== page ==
Monday, July 2, 2018

Robots in Education

Photo by Alex Knight on Unsplash

We may not see much evidence of robots being used for educational purposes yet, but we can expect to see more. AI technology in the global education market is projected to grow about 43% between 2018 and 2022 (Research and Markets, 2018). Also, it has been predicted that AI will be instrumental in solving the challenge of educating children in regions of the world where there is a shortage of teachers that is “severely limiting human potential all across the globe” (Frey, 2016). The shift from a teacher-centered to a learner-centered approach, along with rapid developments in AI technology, has led to a reconceptualization of “places” of learning. As futurist Thomas Frey (2016) stated, “Education is now on the verge of a major transformation and artificial intelligence-based teacherless education systems are quickly taking center stage.”

While it will be exciting to see the future role that AI will likely play in levelling the field for children worldwide, currently AI-based robots are being used in a variety of ways to support and enhance learning.

• Robots are acting as proxies, helping hospitalized children to connect with their school and continue learning at a distance (Klairmont, 2017; Melendez, 2017; van Hooijdonk, 2017). While parents, teachers, and students are generally satisfied with this use of robots, some students are not happy with the extra attention from classmates, and some teachers are concerned about cameras and microphones monitoring everything that happens in the classroom (Melendez, 2017). 
• Robots are helping students with autism to develop social skills (van Hooijdonk, 2017).
• Since around 2004, robots have played a role in teaching foreign languages to children (Han, 2012). They’ve proven to be effective assistants for language teachers in parts of Asia where it is difficult to find native-speaking teachers of the target language (Han, 2012; Hong, Huang, Hsu, & Shen, 2016; Vogt, de Haas, de Jong, Baxter, & Krahmer, 2017). According to Vogt et al. (2017), however, the technology is still somewhat limited in its ability to recognize children’s speech, so more research and development is needed. In Finland, robots are helping to teach languages and mathematics, too (Reuters, 2018).
• Robots are also playing a role as teaching assistants in higher education. Jill Watson, a robot TA for a university class on artificial intelligence, was so efficient at responding to students’ online questions, that it was some time before they realized that she was a robot (Sprinkle, 2017).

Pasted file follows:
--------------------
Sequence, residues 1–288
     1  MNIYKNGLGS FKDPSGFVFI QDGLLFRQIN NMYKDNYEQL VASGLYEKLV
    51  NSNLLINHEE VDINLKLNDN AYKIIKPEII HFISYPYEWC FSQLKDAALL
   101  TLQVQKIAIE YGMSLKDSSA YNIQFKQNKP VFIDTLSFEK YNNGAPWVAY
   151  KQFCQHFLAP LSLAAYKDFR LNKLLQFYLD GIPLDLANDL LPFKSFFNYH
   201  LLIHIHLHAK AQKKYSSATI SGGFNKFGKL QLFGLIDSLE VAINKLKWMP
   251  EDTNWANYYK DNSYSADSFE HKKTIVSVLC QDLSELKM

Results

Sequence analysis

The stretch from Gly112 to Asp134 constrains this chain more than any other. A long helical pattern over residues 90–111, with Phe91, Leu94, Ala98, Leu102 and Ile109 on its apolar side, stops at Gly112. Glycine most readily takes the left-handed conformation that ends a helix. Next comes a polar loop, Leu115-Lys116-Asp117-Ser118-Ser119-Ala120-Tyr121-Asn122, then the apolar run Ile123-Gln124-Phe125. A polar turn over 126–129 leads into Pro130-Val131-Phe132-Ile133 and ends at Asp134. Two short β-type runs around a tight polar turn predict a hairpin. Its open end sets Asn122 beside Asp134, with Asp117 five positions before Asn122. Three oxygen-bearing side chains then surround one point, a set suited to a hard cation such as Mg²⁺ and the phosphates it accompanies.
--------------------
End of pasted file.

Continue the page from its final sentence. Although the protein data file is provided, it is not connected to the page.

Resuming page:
In every context listed above, robots have proven to be effective motivators for students learning traditional subjects. Furthermore, robots can stimulate students’ interest in programming and robotics (van Hooijdonk, 2017). 

As one might imagine, the use of this type of technology has various social and ethical implications.  In a study by Serholt et al. (2017), teachers who were quick to appreciate the benefits of the technology also expressed a number of doubts regarding its use, including:

• How much responsibility/autonomy should robots be allowed? What kinds of boundaries need to be set to prevent teacher and robot roles from blurring?
• Is it possible for robots to affect younger learners in negative ways, e.g., could children become too emotionally attached to robots or could they assume that the robots are alive? How can teachers, who are knowledgeable about the social and emotional development of children, be included in the design of the technology?
• Who would be held accountable if a problem arose?

Clearly, while there is much excitement as to the different ways in which robots will facilitate learning in the near future, there are some valid concerns as well. What does the future hold for this technology? We may not have to wait much longer to find out.


Frey, T. (2016, November 30). Cracking the code for the future of education. Retrieved from 

Hong, Z. W., Huang, Y. M., Hsu, M., & Shen, W. W. (2016). Authoring Robot-Assisted Instructional Materials for Improving Learning Performance and Motivation in EFL Classrooms. Educational Technology & Society, 19(1), pp. 337–349. Retrieved from 

Klairmont, L. (2017, December 17). Kids isolated by cancer connect online. CNN. Retrieved from 

Melendez, S. (2017). Thanks to telepresence robots, kids can attend school from home. Retrieved from 

Research and Markets. (2018, May 9). Global artificial intelligence market in education sector 2018-2022. Retrieved from

Reuters. (2018, March 27). Techno teachers: Finnish school trials robot teachers. Retrieved from 

Serholt, S., Barendregt, W., Vasalou, A., Alves-Oliveira, P., Jones, A., Petisca, S., & Paiva, A. (2017). The case of classroom robots: Teachers’ deliberations on the ethical tensions. AI & Society 32(4), pp. 613-631. DOI: 10.1007/s00146-016-0667-2

Sprinkle, T. (2017, November). Robot teachers transform education. Retrieved from 

van Hooijdonk. R. (2017, February 17). Robots in education are here. And they aren’t going anywhere [Web log post]. Retrieved from

Vogt P, de Haas M, de Jong C, Baxter P and Krahmer E. (2017). Child-Robot Interactions for Second Language Tutoring to Preschool Children. Frontiers in Human Neuroscience 11. DOI: 10.3389/fnhum.2017.00073

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